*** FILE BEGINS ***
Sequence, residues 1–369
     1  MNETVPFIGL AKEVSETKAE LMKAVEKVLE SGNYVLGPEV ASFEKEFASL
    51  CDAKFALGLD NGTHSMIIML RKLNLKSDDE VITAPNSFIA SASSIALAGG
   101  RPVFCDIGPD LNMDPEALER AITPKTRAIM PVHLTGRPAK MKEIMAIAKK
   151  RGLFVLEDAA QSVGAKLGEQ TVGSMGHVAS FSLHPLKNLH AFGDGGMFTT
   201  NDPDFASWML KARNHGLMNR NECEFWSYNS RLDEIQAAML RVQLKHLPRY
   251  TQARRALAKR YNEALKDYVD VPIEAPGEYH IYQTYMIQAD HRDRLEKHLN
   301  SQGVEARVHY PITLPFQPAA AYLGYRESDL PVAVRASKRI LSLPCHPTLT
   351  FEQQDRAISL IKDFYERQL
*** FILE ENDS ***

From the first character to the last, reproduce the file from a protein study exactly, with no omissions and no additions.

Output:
Sequence, residues 1–369
     1  MNETVPFIGL AKEVSETKAE LMKAVEKVLE SGNYVLGPEV ASFEKEFASL
    51  CDAKFALGLD NGTHSMIIML RKLNLKSDDE VITAPNSFIA SASSIALAGG
   101  RPVFCDIGPD LNMDPEALER AITPKTRAIM PVHLTGRPAK MKEIMAIAKK
   151  RGLFVLEDAA QSVGAKLGEQ TVGSMGHVAS FSLHPLKNLH AFGDGGMFTT
   201  NDPDFASWML KARNHGLMNR NECEFWSYNS RLDEIQAAML RVQLKHLPRY
   251  TQARRALAKR YNEALKDYVD VPIEAPGEYH IYQTYMIQAD HRDRLEKHLN
   301  SQGVEARVHY PITLPFQPAA AYLGYRESDL PVAVRASKRI LSLPCHPTLT
   351  FEQQDRAISL IKDFYERQL